The present book is something of an experiment. The translation is intended for the world at large, not only for theological students. If it succeeds, other translations of other great Christian books will presumably follow. In one sense, of course, it is not the first in the field. Translations of the Theologia Germanica, the Imitation, the Scale of Perfection, and the Revelations of Lady Julian of Norwich, are already on the market, and are very valuable, though some of them are not very scholarly. But it will be noticed that these are all books of devotion rather than of doctrine. Now the layman or amateur needs to be instructed as well as to be exhorted. In this age his need for knowledge is particularly pressing. Nor would I admit any sharp division between the two kinds of book. For my own part I tend to find the doctrinal books often more helpful in devotion than the devotional books, and I rather suspect that the same experience may await many others. I believe that many who find that “nothing happens” when they sit down, or kneel down, to a book of devotion, would find that the heart sings unbidden while they are working their way through a tough bit of theology with a pipe in their teeth and a pencil in their hand.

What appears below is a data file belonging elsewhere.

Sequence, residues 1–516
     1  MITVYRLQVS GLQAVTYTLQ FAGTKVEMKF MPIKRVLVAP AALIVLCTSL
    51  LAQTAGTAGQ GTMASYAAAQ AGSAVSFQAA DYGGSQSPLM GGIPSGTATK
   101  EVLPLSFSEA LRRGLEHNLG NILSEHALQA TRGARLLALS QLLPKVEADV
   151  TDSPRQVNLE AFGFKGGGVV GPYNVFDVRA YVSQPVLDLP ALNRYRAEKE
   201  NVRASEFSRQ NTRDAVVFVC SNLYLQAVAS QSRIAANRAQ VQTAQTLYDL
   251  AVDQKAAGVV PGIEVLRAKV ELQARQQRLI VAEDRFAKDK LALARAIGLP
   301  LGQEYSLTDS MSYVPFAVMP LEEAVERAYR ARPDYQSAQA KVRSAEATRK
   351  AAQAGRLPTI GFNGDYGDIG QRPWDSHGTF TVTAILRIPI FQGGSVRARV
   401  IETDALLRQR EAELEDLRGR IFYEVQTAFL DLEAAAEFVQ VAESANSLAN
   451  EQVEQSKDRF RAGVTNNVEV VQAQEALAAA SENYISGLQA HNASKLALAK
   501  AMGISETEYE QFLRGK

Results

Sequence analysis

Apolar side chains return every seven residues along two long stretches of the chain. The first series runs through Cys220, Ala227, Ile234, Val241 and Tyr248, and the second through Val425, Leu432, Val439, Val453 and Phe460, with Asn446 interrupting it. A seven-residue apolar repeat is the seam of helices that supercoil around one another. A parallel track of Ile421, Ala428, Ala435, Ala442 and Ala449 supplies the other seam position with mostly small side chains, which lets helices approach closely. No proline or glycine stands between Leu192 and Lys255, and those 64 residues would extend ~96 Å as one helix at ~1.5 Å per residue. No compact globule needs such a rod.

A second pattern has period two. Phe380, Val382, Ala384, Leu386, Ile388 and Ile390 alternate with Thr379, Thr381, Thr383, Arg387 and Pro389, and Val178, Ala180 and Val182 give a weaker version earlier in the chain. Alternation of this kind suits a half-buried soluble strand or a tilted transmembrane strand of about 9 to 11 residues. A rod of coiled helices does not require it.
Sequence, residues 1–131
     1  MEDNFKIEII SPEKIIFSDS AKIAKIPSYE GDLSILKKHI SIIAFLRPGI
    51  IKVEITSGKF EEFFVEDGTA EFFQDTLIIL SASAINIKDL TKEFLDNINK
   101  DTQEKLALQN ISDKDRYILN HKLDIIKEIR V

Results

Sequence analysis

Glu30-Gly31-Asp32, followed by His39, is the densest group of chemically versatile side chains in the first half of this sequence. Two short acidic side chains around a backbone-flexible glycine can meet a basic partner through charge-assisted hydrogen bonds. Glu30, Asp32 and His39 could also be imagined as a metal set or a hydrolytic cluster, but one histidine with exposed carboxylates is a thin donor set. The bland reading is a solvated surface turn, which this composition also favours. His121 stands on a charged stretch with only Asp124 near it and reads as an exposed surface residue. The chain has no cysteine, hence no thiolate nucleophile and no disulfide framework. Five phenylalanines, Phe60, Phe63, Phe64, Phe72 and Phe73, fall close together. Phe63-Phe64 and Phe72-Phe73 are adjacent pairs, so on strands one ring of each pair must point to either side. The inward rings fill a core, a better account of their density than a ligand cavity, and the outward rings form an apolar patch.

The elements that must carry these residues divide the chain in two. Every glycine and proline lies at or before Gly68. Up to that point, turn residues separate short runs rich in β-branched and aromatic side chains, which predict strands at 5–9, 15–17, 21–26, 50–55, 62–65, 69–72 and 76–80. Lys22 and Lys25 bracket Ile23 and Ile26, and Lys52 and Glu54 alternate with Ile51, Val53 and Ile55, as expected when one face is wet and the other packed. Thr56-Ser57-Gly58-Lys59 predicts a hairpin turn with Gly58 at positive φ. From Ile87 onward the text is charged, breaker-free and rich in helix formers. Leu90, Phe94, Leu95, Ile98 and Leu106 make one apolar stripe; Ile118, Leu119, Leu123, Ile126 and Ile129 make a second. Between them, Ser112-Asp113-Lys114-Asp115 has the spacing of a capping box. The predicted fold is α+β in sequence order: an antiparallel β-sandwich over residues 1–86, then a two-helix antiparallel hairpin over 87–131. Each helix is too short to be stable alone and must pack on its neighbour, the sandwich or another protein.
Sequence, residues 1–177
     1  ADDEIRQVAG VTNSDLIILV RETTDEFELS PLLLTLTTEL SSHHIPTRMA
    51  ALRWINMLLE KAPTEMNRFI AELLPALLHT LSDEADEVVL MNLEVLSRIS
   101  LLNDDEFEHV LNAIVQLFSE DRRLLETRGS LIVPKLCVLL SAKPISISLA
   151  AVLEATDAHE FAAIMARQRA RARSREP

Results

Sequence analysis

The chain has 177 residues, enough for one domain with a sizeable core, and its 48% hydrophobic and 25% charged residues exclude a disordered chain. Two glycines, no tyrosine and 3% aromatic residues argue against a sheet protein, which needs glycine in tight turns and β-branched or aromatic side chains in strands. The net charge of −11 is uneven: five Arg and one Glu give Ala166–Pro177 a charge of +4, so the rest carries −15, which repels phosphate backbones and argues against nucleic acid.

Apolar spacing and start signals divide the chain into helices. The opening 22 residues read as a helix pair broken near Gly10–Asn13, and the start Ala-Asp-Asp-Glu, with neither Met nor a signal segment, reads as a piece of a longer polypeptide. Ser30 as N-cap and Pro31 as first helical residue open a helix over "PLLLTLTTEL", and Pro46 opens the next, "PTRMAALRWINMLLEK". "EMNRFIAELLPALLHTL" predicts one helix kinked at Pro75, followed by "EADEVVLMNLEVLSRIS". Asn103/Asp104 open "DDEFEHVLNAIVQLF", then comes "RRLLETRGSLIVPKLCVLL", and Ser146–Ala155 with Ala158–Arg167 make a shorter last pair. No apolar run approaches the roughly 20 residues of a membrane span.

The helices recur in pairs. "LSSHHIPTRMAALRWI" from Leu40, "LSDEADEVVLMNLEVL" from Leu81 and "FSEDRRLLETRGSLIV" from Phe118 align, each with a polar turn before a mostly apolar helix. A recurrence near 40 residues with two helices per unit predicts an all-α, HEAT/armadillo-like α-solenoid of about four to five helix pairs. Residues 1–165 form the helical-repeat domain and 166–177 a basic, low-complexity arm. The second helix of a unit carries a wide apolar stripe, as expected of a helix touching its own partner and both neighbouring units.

This is a good translation of a very great book. St. Athanasius has suffered in popular estimation from a certain sentence in the “Athanasian Creed.” I will not labour the point that that work is not exactly a creed and was not by St. Athanasius, for I think it is a very fine piece of writing. The words “Which Faith except every one do keep whole and undefiled, without doubt he shall perish everlastingly” are the offence. They are commonly misunderstood. The operative word is keep; not acquire, or even believe, but keep. The author, in fact, is not talking about unbelievers, but about deserters, not about those who have never heard of Christ, nor even those who have misunderstood and refused to accept Him, but of those who having really understood and really believed, then allow themselves, under the sway of sloth or of fashion or any other invited confusion to be drawn away into sub-Christian modes of thought. They are a warning against the curious modern assumption that all changes of belief, however brought about, are necessarily exempt from blame. But this is not my immediate concern. I mention “the creed (commonly called) of St. Athanasius” only to get out of the reader’s way what may have been a bogey and to put the true Athanasius in its place. His epitaph is Athanasius contra mundum, “Athanasius against the world.” We are proud that our own country has more than once stood against the world. Athanasius did the same. He stood for the Trinitarian doctrine, “whole and undefiled,” when it looked as if all the civilised world was slipping back from Christianity into the religion of Arius—into one of those “sensible” synthetic religions which are so strongly recommended today and which, then as now, included among their devotees many highly cultivated clergymen. It is his glory that he did not move with the times; it is his reward that he now remains when those times, as all times do, have moved away.